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Disagreement on funding veterans programs in Muskegon

Leaders in Muskegon say the county Veterans Center will continue to offer as many or more services, but there is a disagreement on how to pay for it.

Leaders in Muskegon say the county veterans center will continue to offer as many, or more services, but there is a disagreement on how to pay for it.

For 24 years the county has collected a property tax just to pay for veterans programs. But now, instead of asking voters to renew, or slightly increase that millage, they may use a law that allows assessment of property taxes for veterans programs without voter approval.

It is called Act 214. Some citizens disagree with the strategy, but commissioners say they won’t have to worry about defeat at the ballot box.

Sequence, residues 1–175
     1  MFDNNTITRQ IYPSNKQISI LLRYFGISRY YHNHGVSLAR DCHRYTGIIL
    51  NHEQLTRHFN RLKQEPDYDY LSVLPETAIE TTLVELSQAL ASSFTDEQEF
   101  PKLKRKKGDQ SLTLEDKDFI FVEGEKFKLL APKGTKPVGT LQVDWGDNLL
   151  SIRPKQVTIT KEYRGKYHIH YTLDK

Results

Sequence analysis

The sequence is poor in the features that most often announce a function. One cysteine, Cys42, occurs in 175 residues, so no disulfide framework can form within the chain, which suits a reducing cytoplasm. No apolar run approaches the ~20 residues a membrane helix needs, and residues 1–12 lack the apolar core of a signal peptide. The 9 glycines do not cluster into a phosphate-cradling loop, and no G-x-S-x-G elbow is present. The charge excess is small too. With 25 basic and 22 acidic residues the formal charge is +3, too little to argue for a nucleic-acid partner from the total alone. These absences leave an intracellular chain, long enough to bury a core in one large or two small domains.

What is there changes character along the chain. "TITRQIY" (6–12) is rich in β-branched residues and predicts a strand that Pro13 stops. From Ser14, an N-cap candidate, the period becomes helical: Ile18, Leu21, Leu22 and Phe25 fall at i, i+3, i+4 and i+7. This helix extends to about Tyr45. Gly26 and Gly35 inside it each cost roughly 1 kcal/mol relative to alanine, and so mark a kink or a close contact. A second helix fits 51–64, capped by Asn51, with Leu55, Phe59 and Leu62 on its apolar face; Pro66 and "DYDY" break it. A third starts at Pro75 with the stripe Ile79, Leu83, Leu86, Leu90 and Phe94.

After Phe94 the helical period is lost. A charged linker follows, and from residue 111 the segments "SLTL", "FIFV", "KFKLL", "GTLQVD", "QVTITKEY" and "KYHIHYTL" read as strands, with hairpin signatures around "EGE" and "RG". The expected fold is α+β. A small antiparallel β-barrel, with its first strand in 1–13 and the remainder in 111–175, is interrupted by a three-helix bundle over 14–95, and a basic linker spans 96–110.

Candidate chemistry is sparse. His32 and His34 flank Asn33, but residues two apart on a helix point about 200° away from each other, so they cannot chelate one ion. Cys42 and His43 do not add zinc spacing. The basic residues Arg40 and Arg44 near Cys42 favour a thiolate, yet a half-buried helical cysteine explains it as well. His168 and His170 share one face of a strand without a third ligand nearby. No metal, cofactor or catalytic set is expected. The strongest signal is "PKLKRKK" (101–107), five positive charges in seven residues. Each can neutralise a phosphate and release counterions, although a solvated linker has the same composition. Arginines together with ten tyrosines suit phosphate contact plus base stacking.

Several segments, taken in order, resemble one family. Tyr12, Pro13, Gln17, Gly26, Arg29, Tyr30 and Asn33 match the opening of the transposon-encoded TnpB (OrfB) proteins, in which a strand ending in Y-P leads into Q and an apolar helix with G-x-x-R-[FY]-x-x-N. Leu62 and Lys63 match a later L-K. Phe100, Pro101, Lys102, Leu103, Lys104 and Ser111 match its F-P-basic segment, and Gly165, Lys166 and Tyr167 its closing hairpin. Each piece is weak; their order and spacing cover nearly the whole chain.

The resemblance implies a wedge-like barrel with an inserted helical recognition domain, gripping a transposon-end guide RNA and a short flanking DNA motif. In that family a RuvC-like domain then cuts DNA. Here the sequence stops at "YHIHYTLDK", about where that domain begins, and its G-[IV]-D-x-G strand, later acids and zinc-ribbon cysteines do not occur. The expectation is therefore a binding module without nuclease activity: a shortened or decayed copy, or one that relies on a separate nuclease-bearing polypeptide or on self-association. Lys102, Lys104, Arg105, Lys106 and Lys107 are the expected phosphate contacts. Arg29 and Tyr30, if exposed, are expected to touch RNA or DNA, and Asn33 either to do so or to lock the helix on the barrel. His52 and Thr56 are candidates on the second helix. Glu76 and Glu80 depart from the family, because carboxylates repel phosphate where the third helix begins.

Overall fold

“We didn't want to take the chance of having this millage fail,” explains Board of Commissioner’s Chairman Benjamin Cross. “[We want to] Provide the same services without risking the chance of it failing.”

“We would like the voters in Muskegon County to decide how our tax dollars are spent,” argues Dave Eling, executive director of Non-profit West Michigan Veterans Inc. Eling and his non-profit group will lose their contract to operate the veterans center under the proposed new funding plan.

“They want to get rid of me,” Eling says. “I don’t work for the county.”

The commissioners have also not decided if they will ask voters to approve higher property taxes to pay for the county Veterans Treatment Court.

It helps keep veterans who commit nonviolent or drug and alcohol crimes out of jail. It is currently funded by grants. Administrators are looking for a more stable funding source that property taxes would provide.

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